So, I just finished up my first beta read for another writer. For how many bazillions of books I have read, this was the very first time I made editorial notes on one. I've made notes for book reports and term papers, but never in an editorial mindset. In the past, the idea that the words on the page could change never crossed my mind.
Beta reading was a different experience than I expected. At first, I stopped every time I needed to write a note on something, even trivial things. Then I kept having to back up and re-read in order to recapture the pace and premise of the story. Which kind of sucked. In order to truly form an opinion on the story, I needed to let it wash over me. Beta reading was getting in the way of my beta read.
I took a break and looked for some advice. Did you know even wiki has an entry on betas? Well, I found this excellent blog entry by Corrine Jackson on How to Beta Read, and it confirmed many of my suspicions. First, I needed to plan to read the MS twice--once as a reader for story, plot and pacing, and a second time for more detailed feedback. I compromised by highlighting anything that caught my eye in the MS, and then going back to make all of the actual notes at the end.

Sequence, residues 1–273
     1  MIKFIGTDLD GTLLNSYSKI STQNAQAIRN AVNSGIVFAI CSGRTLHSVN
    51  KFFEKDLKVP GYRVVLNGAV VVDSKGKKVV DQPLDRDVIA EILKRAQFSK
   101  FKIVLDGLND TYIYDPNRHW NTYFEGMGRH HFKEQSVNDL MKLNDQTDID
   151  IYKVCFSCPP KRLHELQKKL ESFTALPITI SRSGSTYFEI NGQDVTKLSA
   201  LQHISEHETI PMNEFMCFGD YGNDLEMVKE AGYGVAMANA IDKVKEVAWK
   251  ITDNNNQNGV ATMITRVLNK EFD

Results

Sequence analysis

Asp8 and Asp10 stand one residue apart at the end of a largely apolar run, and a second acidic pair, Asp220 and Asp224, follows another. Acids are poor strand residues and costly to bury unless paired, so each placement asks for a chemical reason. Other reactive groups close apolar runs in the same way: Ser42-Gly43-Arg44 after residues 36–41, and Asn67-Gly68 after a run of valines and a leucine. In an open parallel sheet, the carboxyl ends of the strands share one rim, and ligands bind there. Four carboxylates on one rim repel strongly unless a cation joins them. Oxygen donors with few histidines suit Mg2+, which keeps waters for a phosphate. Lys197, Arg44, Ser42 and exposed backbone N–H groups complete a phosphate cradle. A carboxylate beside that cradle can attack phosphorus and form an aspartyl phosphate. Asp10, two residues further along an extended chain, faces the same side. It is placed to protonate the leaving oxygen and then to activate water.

One bit of advice I'd read repeatedly was not to offer false praise. I think my problem runs in the opposite vein--I give too much criticism. I'm very quick to read something someone else wrote, and then change it into what I would write. That's not the most helpful thing for the writer. I'm beginning to think the real expertise in beta reading is understanding what the author wished to achieve, and pushing their writing towards their goals. It's very hard not to write for yourself, but after all betas are reading for someone else, and their writing must be respected.
I'm looking forward to the next beta read I have coming up in another week. I've been super fortunate to connect with great betas right out of the gate, and it is only now as I attempt to return the favor that I realize what a gift a good beta read truly is. Hopefully the 10 page feedback doc I emailed was seen in that light, but I'm not sure. It may take me a little practice yet.